Brian Monteith: In the name of God go... right now, Dave

David Cameron gambled with his country's future and should no longer be in office. Picture: Philippe Huguen/AFP/Getty Images

David Cameron gambled with his country's future and should no longer be in office. Picture: Philippe Huguen/AFP/Getty Images

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AS the dust finally begins to settle after the country’s momentous decision to leave the European Union it is now becoming clearer that the changes have not yet gone far enough.

The Prime Minister did the honourable thing in announcing his resignation but, like so much of what he has touched, it was a botched job. He should have demitted office immediately – and taken his apology for a Chancellor of the Exchequer with him.

Just as Leave means leave, resignation means resignation. Instead what we now have is the Prime Minister putting party before country. It is an absolute disgrace and affront to our democratic decision that rather than begin the process of acting upon the will of the people by assembling a team to begin the negotiations with the European Union we have to endure the sorry spectacle of a three-month Conservative Party election process.

When Her Majesty received David Cameron she quite properly could have thanked him for his resignation but then invited another member of the cabinet to form a government and if that were not possible the Speaker could instigate a general election. As head of state our monarch had the authority to do this but we now live in soft times when such straightforward constitutional procedures are ignored in favour of keeping political parties happy.

The Prime Minister gambled with the country’s future, putting party management and expediency first. He believed the public would not dare to take its first chance to rebel after 40 years of being duped and deceived by successive governments about the expansion of power in Brussels. He was wrong and he should no longer be in office.

Likewise the Chancellor consistently subverted the independence of the Treasury to produce distorted and misleading figures to scare the public. He led the charge of economic scaremongering and continues to threaten us even now. He appears more interested in talking us into recession so he can claim to have been right than seeking to deliver the Brexit bonus that is now possible.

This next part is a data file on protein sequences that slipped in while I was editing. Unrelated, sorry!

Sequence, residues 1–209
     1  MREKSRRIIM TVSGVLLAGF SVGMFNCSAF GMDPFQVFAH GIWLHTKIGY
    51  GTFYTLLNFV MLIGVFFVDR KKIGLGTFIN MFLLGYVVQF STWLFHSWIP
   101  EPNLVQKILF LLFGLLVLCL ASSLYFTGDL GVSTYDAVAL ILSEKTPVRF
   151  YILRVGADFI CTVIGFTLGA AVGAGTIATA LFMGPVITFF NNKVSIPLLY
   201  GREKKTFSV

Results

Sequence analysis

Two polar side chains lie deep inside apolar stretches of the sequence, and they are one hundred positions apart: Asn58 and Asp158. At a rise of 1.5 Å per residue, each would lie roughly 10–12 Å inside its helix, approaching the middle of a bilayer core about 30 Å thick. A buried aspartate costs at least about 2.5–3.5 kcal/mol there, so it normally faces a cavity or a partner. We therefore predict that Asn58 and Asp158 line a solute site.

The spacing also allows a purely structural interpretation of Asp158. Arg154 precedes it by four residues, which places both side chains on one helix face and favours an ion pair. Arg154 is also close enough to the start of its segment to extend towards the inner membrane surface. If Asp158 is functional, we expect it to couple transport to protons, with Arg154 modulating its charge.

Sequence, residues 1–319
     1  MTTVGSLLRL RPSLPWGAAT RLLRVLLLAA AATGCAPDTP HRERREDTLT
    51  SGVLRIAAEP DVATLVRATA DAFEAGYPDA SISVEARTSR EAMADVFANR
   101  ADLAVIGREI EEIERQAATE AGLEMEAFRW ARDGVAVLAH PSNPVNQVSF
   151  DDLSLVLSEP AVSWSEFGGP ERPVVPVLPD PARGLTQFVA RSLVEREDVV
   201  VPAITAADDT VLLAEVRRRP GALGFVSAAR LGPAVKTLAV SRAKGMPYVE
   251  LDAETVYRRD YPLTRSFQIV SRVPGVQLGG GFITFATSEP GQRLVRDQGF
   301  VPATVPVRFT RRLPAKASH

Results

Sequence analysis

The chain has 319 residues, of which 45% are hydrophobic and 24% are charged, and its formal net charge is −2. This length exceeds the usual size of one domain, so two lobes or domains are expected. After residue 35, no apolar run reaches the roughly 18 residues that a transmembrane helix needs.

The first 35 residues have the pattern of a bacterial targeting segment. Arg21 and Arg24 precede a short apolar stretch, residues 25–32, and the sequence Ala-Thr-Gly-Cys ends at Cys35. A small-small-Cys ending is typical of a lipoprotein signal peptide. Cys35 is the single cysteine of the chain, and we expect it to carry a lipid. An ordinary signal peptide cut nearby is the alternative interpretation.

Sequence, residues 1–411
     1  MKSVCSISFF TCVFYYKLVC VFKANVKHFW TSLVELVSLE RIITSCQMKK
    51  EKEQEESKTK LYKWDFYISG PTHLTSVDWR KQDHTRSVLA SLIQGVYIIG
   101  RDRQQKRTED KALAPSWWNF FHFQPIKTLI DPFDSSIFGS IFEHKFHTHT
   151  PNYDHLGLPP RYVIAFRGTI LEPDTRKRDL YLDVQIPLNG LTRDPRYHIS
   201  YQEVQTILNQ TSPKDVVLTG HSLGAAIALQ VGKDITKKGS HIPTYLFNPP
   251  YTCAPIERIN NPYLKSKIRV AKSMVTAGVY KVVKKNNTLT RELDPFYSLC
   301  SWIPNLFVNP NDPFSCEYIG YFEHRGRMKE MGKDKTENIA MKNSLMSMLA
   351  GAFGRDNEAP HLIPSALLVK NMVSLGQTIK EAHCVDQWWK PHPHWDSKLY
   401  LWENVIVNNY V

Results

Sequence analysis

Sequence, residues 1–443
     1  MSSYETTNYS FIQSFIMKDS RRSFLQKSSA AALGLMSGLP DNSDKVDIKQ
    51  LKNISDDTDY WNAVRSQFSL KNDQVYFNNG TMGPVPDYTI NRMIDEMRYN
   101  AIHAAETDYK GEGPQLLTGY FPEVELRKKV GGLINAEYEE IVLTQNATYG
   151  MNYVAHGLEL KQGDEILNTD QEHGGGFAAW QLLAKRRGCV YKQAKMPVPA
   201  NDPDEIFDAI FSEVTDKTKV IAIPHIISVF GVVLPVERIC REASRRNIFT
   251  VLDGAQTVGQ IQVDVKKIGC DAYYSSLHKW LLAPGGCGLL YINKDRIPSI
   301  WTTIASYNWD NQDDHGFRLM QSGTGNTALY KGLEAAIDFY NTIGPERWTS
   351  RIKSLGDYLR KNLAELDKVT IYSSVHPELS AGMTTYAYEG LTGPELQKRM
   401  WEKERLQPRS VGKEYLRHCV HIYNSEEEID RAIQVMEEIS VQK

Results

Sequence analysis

George Osborne is not fit for office and should have resigned too, being replaced by a new Chancellor that could start to introduce changes immediately. Voters could then rejoice at seeing VAT removed from household energy bills, tampons and other taxes enforced by the EU. It would be a small start but it would be a just and quick reward for the bravery of the public in choosing to Leave.

Young people lost generation game

There was no exit poll at the referendum so there are no accurate figures available – but there have been surveys and they appear fairly consistent.

What we do know is that only 36 per cent of 18-25s voted, meaning 64 per cent didn’t! Meanwhile in my age group, the 55-64s the turnout was 81 per cent and in the 64s and over it was an amazing 83 per cent. No-one should be blaming older people for exercising their right to vote, and no-one, unlike some really stupid people, should be calling on old people to die. How disgraceful, shocking and sad.

If young people cared that much – in a process where every vote literally counts – then they would have turned out to vote and could have changed the result.

Economy forecasts a bit hit and myth

There is a lot of myth-making about that Brexit vote and its consequences and the falsehoods have to be slayed.

Currency speculator George Soros (pictured) predicted that sterling would crash 20 per cent but after its initial fall – caused by speculators like him – it bounced back and ended up higher than it was on the day before the vote. Likewise the FTSE 100 closed on a week high and is climbing again, outperforming every other stock market in the world except that of Canada and New Zealand. There has been the expected turbulence but the only risk to the economy is if we talk it into recession by killing business confidence.

Labour leaves a political vacuum

The Prime Minister has announced his resignation, the Chancellor’s reputation is shot to pieces – and it is all of their own doing. They called the referendum. They negotiated the unconvincing “deal”. They dictated the timing, the rules and the franchise. They spent huge amounts of taxpayers’ money, they loaded the dice and choreographed international figures to sweet talk us – or bully us into submission. And they still lost.

With a government majority of only 12 any self-respecting opposition would have immediately submitted a motion of no confidence and tried to force a general election so we could hold the failed culprits to account.

But what does the Parliamentary Labour Party do? It tries to unseat its own leader, Jeremy Corbyn (pictured) in a series of pre-planned resignations.

Is it any wonder Wigan, Sunderland, Middlesborugh, Birmingham and many more Labour heartlands voted Leave?

With the party so disconnected with its natural base and lacking in focus about what to do, the political vacuum must be filled by someone. If they don’t get their act together quickly and concede support for Brexit then expect the party to be replaced by UKIP, with a northerner replacing Nigel Farage as its leader.

Spelling lesson

The propensity for politicians to make fools of themselves on Twitter knows no bounds. SNP MP Angus MacNeil had a go at UKIP MEP David Coburn, asking “Really, is this the stupidist guy in Scotland?” Pity Angus can’t spell stupidest correctly.